Becoming the Parent to my Parents

It’s been a crazy week in my world. I am custodian to my elderly parents. My dad has advanced Alzheimer’s and my mom has Parkinson’s. Both have had strokes and are at risk of falling. They still live alone in their home, with assistance… me.

I was visiting them every other day to clean and bring groceries, pharmaceuticals and assorted oddities. I’ve been slowing cleaning out their house, one drawer at a time. I sneak junk out in the trash, like broken sunglasses, ratty throw pillows and  dumbells.

Since my sister went to Japan to join her family, my solo routine had been working… and then all hell broke loose. Last week, my father escaped for the second time this year. In April, he slipped out before my mom woke up and got a few blocks away. He had fallen and an kind stranger called 911. We were all reunited at the ER. He was bloody, bruised and shaken. That’s when reality set in.

Fast forward to last week… my mom called, frantic, to say he was missing again. She thought he was in the bathroom, but she naps on the couch so he slipped out with no problem.  Ten minutes after reporting him missing with the Vallejo Police department, he was found safe. By the time I got to the house, the police were on their way to return him. Note: I was impressed by the speed of the Vallejo Police, they even dispatched a helicopter to look for him.

I was just getting a grasp of the seriousness of my dad’s condition, when my mom made her move… she had fallen. It was the call I was dreading. She has severe arthritis so she uses a walker. It was just a matter of time.

Again, I rushed over. I carefully loaded them both into my truck and headed to Kaiser. We spent the day there, with her doctor, doing lab work and waiting. We returned the next day for more labs and a CT scan, no easy task with the two of them. I can’t turn my back on my dad because he’ll take off, and I can’t leave my mom to walk on her own, I wheel her on her walker. It was a like a Turtle Circus.

So now I am camped out at the parent-farm every night. It’s like having full-grown two toddlers who can open doors, eat non-stop and drop food on the floor. I am constantly cleaning, doing laundry, emptying trash cans, changing bedsheets and mopping goop off the floor. I shop for them every other day, only microwavable foods. I can’t trust them to use the stove as there have been several smoke alarm incidents.

I had just left the house for 30 minutes last night, when my mom fell again. She calls me every hour when I’m away, but I never know when it’s going to be a serious call, or just an order for bananas.

Nights here are the worst. Alzheimer’s patients are prone to wander at night. My dad gets up to use the bathroom at least 6 times a night, then heads for the front door. He always says he’s going home. I finally changed the locks so we can lock the front door with a key from the inside.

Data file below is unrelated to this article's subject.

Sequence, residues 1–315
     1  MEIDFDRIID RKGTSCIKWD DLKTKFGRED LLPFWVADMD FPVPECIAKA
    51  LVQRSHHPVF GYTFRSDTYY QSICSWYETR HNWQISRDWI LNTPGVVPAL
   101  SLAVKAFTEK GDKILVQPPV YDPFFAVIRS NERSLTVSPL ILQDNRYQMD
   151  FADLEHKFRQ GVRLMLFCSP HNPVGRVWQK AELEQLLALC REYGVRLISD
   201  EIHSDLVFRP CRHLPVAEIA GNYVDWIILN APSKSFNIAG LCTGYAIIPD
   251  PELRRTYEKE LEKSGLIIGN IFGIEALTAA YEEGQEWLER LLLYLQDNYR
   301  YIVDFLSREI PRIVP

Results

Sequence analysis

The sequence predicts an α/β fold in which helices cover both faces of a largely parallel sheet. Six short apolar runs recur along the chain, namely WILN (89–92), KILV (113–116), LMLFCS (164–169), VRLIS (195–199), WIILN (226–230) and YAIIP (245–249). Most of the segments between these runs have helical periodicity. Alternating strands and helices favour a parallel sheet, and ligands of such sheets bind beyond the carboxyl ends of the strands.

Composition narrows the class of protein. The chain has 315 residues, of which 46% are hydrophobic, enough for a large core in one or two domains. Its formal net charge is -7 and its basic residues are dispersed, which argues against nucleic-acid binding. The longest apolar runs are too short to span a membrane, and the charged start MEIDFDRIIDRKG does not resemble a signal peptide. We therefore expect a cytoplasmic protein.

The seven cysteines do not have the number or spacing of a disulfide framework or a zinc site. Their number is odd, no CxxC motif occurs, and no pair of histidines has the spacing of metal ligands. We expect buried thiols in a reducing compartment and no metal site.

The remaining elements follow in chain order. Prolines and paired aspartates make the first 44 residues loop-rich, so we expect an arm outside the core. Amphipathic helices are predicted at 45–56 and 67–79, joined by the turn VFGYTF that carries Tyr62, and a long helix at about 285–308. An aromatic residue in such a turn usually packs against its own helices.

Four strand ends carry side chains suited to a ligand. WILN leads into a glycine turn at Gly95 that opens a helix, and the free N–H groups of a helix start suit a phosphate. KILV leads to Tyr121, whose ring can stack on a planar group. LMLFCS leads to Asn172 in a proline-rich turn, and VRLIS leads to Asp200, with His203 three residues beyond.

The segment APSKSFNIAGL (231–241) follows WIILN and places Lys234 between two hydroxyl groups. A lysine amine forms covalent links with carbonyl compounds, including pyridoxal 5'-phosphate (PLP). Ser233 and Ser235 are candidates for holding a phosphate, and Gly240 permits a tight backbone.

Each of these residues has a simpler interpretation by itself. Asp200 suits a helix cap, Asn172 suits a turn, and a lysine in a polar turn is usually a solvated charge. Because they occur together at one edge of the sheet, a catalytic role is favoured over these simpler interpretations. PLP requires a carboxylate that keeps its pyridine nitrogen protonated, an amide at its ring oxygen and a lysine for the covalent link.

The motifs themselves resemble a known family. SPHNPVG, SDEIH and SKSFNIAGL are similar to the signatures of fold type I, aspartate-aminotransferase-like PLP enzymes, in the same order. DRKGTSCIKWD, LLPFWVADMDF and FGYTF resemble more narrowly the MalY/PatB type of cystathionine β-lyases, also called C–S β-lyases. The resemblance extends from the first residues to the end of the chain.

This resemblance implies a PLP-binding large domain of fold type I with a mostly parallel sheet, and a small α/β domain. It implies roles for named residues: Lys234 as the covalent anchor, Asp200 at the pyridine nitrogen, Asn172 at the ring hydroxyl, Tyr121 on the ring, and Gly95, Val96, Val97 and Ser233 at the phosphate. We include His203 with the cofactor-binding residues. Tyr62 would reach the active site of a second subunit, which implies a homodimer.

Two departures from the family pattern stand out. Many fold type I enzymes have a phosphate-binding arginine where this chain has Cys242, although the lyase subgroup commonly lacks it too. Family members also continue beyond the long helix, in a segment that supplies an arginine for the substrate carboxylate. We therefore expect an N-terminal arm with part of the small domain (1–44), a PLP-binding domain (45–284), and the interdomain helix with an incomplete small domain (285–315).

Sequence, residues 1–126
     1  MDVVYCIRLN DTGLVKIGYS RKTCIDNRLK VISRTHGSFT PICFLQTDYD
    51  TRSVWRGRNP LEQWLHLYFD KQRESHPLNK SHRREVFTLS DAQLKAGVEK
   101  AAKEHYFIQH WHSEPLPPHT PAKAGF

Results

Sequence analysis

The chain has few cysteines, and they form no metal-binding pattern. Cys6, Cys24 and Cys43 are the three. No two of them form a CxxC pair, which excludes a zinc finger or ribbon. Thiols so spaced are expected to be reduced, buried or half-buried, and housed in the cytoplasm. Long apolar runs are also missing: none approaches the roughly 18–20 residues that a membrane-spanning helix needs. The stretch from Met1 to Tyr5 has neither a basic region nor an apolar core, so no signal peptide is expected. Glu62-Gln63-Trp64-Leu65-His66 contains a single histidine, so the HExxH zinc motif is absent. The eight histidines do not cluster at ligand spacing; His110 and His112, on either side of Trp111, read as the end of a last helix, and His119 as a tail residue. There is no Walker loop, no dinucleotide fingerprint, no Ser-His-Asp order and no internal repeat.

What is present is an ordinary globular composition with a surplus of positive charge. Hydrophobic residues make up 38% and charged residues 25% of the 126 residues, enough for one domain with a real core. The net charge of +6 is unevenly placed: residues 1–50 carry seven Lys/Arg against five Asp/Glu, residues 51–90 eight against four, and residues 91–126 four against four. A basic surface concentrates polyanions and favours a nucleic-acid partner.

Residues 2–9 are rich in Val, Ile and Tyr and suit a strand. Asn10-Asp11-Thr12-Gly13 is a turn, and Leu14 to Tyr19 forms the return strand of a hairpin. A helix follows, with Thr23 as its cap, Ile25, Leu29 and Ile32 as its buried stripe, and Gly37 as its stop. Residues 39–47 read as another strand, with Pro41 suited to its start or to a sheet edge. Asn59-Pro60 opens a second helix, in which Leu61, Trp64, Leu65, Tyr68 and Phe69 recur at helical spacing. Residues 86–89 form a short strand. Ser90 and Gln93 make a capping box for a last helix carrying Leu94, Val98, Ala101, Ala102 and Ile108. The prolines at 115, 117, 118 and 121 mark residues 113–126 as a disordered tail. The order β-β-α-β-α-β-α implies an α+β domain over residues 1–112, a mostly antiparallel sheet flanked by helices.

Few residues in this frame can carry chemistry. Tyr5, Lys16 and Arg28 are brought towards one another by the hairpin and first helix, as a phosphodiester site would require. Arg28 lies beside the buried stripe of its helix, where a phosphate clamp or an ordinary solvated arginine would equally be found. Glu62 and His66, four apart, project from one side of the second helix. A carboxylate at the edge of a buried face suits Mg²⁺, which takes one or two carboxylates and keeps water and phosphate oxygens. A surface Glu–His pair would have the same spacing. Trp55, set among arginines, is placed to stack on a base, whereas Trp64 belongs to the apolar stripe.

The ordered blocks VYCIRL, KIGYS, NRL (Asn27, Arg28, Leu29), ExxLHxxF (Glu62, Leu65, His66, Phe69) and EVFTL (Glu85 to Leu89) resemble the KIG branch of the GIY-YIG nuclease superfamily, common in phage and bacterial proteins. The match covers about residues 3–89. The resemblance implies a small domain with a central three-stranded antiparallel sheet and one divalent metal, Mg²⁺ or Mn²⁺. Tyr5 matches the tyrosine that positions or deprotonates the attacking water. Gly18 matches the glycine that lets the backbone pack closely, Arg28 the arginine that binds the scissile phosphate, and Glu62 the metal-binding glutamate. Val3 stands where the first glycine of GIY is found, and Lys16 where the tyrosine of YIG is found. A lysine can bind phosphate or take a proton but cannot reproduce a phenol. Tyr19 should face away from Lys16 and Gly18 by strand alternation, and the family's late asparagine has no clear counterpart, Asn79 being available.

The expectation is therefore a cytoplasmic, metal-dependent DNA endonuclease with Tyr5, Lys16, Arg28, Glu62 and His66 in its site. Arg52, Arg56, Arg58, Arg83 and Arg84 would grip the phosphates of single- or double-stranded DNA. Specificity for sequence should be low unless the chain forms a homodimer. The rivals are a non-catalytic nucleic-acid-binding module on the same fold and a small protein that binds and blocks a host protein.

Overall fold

Worse yet, my mom is now getting up at all hours… toddling the hallway with her walker at 2am, risking another fall for a glass of water. Attempting to keep her in bed, I gave her a bell so I could get her what she needs. Now that damn bell rings every hour or so, all night. I slept a full 2 hours last night. It’s like having a newborn.

I’m shopping for a wheelchair and working on getting my dad into an Alzheimer’s care facility, no easy task. It’s $6,000 a month if he doesn’t qualify for Medical. Kaiser will only pay for his care if he requires medical attention regularly… talk about red tape. I have a mountain of research to do.

Just FYI… having power of attorney just means you have more responsibility. I’m taking over their affairs. The hardest part is… they still tell me how to do things, as if I don’t know what I’m doing, not to mention the back-seat driving. I feel like a 44-year old Cinderella without any hope of Prince Charming saving me. 

So here is the question; if I am caring for my parents, is it okay to act like a parent? Last night, I threatened to take my mom’s walker away if she got out of bed again. This morning I insisted my dad take a shower and stood outside the door telling him to use soap. When I brought them dinner tonight, I watched them eat like wolverines, reminding them to please use forks.

What is happening here? My son, the Biscuit is ten so he’s pretty self-sufficient. I thought my days of dealing with pee-pee accidents was over. Boy was I wrong. I’m getting through this with a sense of humor… and perfectly timed cocktails.

2 Replies to “Becoming the Parent to my Parents”

  1. Oh Judi. So sorry. There is a special place in heaven for caretakers.
    When my mom died of cancer at age 73, I couldn’t imagine anything worse than dying so young and having your body fail. Until now. My dad at age 81 is fit as a fiddle physically, and, we just discovered, losing thousands of $s every month to scam lotteries and psychics. We’ve had to move him to a senior apartment because he could no longer be trusted to be alone.
    I hope you are able to find a wonderful caring facility equipped to handle your mom and dad, and in the meantime, I hope you find some peace and solace. Sending good thought your way!!

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